• Sven Johne, Hafen/Harbour #1-2, 2010, chrome ink print, 88 1/2 x 59".

    Sven Johne

    Frankfurter Kunstverein
    Steinernes Haus am Römerberg Markt 44
    May 13–July 25

    Curated by Lilian Engelmann and Holger Kube Ventura

    Sven Johne is not one of the loud ones. In a typically melancholic tone, the Berlin-based artist tells laconic stories of life and fate. Often these tales of suicide, misfortune, and emancipation are lifted from local newspapers, so that Johne’s precise, conceptually clean work becomes a lens through which society’s bigger picture—the split history of a divided Germany, for example—becomes visible via individual narratives. This comprehensive survey, the artist’s first major institutional solo show on German soil, will feature his most recent series, “Hafen (Harbor),” 2010, as well as a dozen more made within the past decade. A catalogue with new essays by Werner D’Inka, Jens Kastner, Catrin Lorch, and the curators caps off the occasion.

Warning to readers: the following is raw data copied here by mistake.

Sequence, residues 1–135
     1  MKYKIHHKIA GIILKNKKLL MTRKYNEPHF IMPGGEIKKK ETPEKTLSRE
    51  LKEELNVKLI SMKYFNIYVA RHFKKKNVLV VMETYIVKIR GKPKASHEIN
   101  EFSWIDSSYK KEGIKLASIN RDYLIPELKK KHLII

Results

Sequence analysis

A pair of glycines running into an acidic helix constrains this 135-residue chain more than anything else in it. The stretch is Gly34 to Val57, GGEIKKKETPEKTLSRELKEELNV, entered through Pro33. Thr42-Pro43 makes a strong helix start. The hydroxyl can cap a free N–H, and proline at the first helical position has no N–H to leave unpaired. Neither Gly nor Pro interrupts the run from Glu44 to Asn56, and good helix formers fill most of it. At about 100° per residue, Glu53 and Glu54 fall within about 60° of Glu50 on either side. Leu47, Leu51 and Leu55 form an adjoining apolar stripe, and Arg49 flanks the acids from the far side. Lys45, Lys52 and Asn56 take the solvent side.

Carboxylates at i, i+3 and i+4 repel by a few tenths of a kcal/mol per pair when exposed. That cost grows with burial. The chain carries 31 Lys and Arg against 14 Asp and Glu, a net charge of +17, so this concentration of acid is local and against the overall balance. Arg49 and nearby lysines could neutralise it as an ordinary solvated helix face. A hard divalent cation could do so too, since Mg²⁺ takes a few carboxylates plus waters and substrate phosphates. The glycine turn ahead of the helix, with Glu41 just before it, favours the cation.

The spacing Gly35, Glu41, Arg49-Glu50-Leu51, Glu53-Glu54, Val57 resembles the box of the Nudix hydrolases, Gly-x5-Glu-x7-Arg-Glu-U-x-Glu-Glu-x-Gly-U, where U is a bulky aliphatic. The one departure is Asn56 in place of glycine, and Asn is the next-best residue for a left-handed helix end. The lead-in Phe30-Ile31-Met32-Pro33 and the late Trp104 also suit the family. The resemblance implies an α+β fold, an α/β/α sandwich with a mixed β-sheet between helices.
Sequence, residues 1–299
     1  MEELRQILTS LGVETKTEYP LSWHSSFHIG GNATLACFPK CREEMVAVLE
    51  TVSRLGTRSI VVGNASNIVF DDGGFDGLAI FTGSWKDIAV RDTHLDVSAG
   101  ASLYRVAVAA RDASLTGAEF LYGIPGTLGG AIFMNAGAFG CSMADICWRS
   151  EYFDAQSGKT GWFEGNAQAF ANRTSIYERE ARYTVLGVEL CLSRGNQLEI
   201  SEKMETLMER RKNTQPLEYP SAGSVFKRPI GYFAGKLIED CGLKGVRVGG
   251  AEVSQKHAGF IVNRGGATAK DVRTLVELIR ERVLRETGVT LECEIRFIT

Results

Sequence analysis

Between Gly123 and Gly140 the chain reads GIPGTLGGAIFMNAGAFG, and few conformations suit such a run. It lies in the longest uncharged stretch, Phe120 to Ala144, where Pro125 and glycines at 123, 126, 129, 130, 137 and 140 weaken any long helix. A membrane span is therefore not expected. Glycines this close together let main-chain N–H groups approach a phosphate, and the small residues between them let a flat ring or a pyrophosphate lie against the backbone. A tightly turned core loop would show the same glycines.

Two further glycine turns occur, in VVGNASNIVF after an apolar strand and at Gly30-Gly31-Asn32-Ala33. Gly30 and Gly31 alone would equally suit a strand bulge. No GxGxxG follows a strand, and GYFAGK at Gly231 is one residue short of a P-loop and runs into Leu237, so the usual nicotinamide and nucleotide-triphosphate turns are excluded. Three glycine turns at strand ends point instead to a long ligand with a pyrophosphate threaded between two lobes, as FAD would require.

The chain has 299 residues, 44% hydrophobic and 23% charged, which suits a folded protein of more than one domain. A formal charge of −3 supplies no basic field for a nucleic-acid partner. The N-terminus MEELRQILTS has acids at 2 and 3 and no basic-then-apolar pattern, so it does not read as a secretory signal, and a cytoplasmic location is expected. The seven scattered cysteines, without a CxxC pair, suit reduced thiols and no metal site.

• Jimmie Durham, Self-Portrait Pretending to Be a Stone Statue of Myself, 2006, color photograph 39 1/2 x 26 1/4".

    Jimmie Durham

    PORTIKUS im Leinwandhaus
    Weckmarkt 17
    June 5–August 1

    Curated by Melanie Ohnemus

    For the past fifteen years, Jimmie Durham has been throwing stones. And while his physical targets have ranged from shopwindows, TV sets, and refrigerators to boats, automobiles, and airplanes, what he’s really been aiming at are the complex questions around cultural identity, the relation of violence to political power, and the latent poetry and meaning that wait to be extracted (sometimes forcibly) from superficially banal objects. The act is a simple, resonant, often disarmingly funny one, and it fits Durham’s larger conceptual program perfectly. One hopes his show at Portikus—coming as it does on the heels of the American-born artist’s 2009 exhibition at the Musée d’Art Moderne de la Ville de Paris (his second European survey in as many years)—will at last awaken curatorial decision makers in the US to the considerable achievements of this brilliant, exiled native son.